There’s an old saying that imitation is the sincerest form of flattery, and in most fields that may be true. But in the bare-knuckle world of union politics, the highest compliment an opponent can pay you to devote its precious time and treasure to fighting back.
And by that standard, the Freedom Foundation this week received perhaps its most lavish tribute to date from its “admirers” in organized labor.
Last week, the Washington State Labor Council (WSLC) announced the creation of a new front group dedicated purely to smearing the Freedom Foundation.
The move comes several months after the WSLC passed a resolution condemning the Freedom Foundation and resolving to “develop educational tools and a road show on the deception of Freedom Foundation (Effers).”
With childcare providers leaving SEIU in droves due to a Freedom Foundation education campaign, the Democrat state attorney general suing major unions for campaign finance violations reported by the Freedom Foundation, and legislation empowering workers to take control of their union representation working its way through the state legislature, Washington unions are understandably a little edgy.
The website for the so-called “Northwest Accountability Project” (NAP) uses familiar union rhetoric and doublespeak to disparage the Freedom Foundation and its attempts to allow public employees to choose for themselves whether to join and support labor unions.
NAP claims such goals are “extreme” and “radical.” In addition to the usual union talking points, NAP makes a series of downright bizarre claims about the Freedom Foundation.
For example, NAP attempts to tie the Freedom Foundation to what it calls “anti-immigrant” legislation in Arizona, although the Freedom Foundation has never worked on immigration policy, much less Arizona immigration policy.
The group also claims the Freedom Foundation opposes “LGBT rights” and “women’s reproductive rights.” But again, neither of these are issues the Freedom Foundation even works on.
NAP launched its presence with a slick attack ad against the Freedom Foundation that repeats many of the written claims on its website.
Interestingly, whenever a business group uses stock images or video footage in its campaign videos, labor groups point it out and criticize the sponsors for their inability to recruit “real people” to support their position.
For instance, last year SEIU-front group Working Washington attacked a video put out by the International Franchise Association for using stock images instead of real franchise owners.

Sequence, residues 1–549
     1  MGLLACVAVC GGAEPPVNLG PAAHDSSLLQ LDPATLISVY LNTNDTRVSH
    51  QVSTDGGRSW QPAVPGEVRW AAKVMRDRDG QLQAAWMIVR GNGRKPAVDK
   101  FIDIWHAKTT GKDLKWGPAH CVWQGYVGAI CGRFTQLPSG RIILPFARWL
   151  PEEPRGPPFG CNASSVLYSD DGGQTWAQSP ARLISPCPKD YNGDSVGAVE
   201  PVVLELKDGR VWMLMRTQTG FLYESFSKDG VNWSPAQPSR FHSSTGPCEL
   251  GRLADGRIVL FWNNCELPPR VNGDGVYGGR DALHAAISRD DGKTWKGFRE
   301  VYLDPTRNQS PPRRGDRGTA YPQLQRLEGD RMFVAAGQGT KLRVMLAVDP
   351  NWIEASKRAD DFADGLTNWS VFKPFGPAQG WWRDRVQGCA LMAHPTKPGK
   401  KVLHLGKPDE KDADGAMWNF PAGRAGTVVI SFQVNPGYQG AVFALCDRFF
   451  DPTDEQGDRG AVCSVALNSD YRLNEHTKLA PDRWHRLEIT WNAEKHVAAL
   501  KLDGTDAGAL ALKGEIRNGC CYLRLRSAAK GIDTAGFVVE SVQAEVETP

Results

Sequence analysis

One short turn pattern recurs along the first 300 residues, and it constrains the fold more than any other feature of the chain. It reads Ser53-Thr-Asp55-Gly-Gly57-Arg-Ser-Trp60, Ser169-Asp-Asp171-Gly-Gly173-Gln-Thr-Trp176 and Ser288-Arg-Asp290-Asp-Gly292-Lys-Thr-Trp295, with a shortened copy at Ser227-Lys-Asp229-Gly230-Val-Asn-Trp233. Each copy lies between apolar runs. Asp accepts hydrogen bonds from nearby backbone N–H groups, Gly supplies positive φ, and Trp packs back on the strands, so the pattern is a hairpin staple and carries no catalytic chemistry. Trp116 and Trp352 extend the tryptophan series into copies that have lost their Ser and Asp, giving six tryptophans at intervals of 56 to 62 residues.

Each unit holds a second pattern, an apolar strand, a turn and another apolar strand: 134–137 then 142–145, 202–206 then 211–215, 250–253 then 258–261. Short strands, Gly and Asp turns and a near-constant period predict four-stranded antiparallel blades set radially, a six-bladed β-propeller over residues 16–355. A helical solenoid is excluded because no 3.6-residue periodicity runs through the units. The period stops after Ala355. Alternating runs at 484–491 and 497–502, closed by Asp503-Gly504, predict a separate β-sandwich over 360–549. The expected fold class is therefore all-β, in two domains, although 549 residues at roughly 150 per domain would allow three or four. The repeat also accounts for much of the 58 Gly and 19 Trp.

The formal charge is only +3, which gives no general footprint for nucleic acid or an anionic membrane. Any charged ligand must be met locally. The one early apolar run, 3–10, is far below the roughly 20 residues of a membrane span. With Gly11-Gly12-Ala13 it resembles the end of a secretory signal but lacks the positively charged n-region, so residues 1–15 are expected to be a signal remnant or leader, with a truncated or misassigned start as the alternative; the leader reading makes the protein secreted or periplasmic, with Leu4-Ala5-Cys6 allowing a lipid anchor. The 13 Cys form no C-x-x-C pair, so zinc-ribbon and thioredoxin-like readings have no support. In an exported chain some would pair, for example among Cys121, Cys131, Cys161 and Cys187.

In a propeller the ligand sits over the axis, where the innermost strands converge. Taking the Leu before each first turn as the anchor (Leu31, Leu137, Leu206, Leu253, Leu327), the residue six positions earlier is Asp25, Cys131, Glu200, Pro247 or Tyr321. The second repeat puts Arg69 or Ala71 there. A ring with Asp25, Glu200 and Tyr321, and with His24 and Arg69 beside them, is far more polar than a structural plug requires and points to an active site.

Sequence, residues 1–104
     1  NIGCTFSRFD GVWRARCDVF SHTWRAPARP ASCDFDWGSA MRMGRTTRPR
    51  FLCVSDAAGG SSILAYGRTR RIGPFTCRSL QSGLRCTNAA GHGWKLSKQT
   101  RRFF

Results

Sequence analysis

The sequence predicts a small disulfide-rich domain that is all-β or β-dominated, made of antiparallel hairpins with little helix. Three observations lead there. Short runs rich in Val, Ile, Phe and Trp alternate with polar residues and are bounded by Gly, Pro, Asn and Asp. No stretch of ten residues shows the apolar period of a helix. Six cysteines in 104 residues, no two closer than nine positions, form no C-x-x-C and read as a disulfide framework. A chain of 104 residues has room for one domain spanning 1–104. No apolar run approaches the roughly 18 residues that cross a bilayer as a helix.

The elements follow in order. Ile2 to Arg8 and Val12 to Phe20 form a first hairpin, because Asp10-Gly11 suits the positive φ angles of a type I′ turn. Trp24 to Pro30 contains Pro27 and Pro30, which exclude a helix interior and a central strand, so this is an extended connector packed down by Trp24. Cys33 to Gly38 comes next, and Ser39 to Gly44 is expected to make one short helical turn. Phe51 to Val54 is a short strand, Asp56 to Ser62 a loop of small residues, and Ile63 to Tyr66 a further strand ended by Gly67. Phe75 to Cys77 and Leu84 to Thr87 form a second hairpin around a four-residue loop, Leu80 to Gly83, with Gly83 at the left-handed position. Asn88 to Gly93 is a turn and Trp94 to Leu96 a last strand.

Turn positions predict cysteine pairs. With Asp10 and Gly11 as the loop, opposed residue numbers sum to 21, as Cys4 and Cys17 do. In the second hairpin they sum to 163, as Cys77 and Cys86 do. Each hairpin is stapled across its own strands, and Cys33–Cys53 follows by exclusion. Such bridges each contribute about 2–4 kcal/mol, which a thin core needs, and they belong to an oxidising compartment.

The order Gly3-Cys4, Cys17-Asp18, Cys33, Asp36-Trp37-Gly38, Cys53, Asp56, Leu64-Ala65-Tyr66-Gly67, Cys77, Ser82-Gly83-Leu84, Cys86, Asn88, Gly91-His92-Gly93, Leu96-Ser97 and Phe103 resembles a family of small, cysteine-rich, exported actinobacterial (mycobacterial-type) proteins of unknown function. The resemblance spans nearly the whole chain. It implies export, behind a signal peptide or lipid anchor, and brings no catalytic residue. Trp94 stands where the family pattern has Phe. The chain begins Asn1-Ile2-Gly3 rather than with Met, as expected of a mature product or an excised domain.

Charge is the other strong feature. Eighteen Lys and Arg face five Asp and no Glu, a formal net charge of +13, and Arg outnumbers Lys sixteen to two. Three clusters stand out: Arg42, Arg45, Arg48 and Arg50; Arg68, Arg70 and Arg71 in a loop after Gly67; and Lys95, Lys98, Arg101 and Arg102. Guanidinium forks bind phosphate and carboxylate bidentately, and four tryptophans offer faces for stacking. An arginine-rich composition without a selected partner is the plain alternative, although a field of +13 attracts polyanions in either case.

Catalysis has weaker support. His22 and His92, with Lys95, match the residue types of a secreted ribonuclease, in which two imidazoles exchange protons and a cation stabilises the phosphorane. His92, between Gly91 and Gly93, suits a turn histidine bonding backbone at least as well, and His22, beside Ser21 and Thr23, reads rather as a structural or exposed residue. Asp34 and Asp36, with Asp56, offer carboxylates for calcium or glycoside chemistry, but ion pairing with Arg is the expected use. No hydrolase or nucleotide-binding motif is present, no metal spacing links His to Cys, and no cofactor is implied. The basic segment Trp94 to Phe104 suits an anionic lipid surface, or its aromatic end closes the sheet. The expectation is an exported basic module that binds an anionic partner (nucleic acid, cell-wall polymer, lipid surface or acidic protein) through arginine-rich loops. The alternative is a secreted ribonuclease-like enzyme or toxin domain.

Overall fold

Just recently, Seattle Councilmember Kshama Sawant criticized a mailing sent out by her opponent Pamela Banks for its use of stock photos.
As it turns out, the Northwest Accountability Project video makes generous use of — wait for it — stock imagery.
At one point the video displays the faces of three individuals paired with the text, “Does this sound like an organization that represents our values?”
But the people being shown are hardly ordinary Washingtonians or even ordinary Washington union workers. All three were simply drawn from banks of stock photos. A little digging revealed the true identities of these individuals:
“Smile senior woman”
And last but not least:
“Manual worker in hard hat and safety glasses”
Of course, it’s quite common for such ads to feature stock footage, and it really wouldn’t be an issue if the labor groups hadn’t decided to make it one. But, as usual, the unions get to play by different rules than the rest of us.
Ironically, the Freedom Foundation has released a series of videos over the past year using real people, telling real stories to explain why they don’t want to be forced to support unions against their will. Every single video features real people, telling real stories.
If nothing else, NAP proves that government unions in Washington are worried. They realize their monopolistic, compulsory schemes have lost them both the moral high ground and the support of their members.
For our part, we’re enormously proud that we’re fighting to free thousands of workers from the tyranny and immorality of forced unionization. If that position seems extreme to the unions, it only proves how out of the mainstream their views are, not ours.